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Michael Kiefer at the Arizona Republic reports that the Arizona Supreme Court has adopted an amendment dealing with Rule 3.8 of the American Bar Association’s model rules on the Special Responsibilities of a Prosecutor. The Arizona Rules of Professional Conduct now include a subsection on the responsibility of prosecutors to disclose evidence that suggests a defendant did not commit the offense for which he was convicted. The rules provide that when a prosecutor comes to know of a possible wrongful conviction, he or she must disclose the new evidence to the trial court and the defendant’s lawyer, and work to make sure that the defendant’s case is reviewed.

In August we reported that Maricopa County Attorney Bill Montgomery was fighting this change, sending a representative to tell the Arizona Supreme Court that the provision would be “confusing and burdensome” and that there is “no convincing evidence that Arizona has a ‘problem’ of wrongful convictions” or that “prosecutors have failed to take corrective action when appropriate.”

Kiefer’s recent series on prosecutor misconduct and wrongful convictions in Arizona, one installment of which focused on Montgomery’s office, seriously undercuts Montgomery’s assertion. His comments to Kiefer on this point were troubling:

Montgomery admitted he was not aware of many of the instances of misconduct or improprities that are described over the course of this series, even those that occurred while he has been in office.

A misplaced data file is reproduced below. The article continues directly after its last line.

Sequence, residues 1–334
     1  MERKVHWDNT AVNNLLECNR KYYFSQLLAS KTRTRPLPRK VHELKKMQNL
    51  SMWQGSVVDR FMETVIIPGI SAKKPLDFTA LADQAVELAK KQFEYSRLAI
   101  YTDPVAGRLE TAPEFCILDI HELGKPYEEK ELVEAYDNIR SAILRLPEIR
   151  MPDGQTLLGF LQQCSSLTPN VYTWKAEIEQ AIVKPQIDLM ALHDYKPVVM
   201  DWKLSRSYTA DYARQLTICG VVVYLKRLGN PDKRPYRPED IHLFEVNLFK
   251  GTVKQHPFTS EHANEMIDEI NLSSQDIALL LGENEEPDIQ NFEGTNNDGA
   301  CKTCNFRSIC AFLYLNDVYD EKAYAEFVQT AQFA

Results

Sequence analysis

That information rests with the middle-management supervisors, he said…

He said he does not weigh in on how prosecutors try their cases.

“The attorneys are trying the case, I’m not going to step in,” he said. “They’re on their own.” And if they need to be put in their place, “that’s the job of the judge. It’s the job of the defense attorney to object,” he said.

The adoption of the new provision by the Supreme Court will not automatically lead to the investigation of possible wrongful convictions by county attorneys in Arizona. Indeed, it is still up to prosecutors to abide by and enforce this rule in their profession. Montgomery insists that he is making every effort to ensure prosecutors in his office conduct ethical prosecutions in accordance with their professional responsibilities. His meaningful implementation of this new wrongful convictions provision is one important way he can demonstrate that.

ABA Rule 3.8 Special Responsibilities Of A Prosecutor

g) When a prosecutor knows of new, credible and material evidence creating a reasonable likelihood that a convicted defendant did not commit an offense of which the defendant was convicted, the prosecutor shall:

(1) promptly disclose that evidence to an appropriate court or authority, and

(2) if the conviction was obtained in the prosecutor’s jurisdiction,

(i) promptly disclose that evidence to the defendant unless a court authorizes delay, and

(ii) undertake further investigation, or make reasonable efforts to cause an investigation, to determine whether the defendant was convicted of an offense that the defendant did not commit.

(h) When a prosecutor knows of clear and convincing evidence establishing that a defendant in the prosecutor’s jurisdiction was convicted of an offense that the defendant did not commit, the prosecutor shall seek to remedy the conviction.

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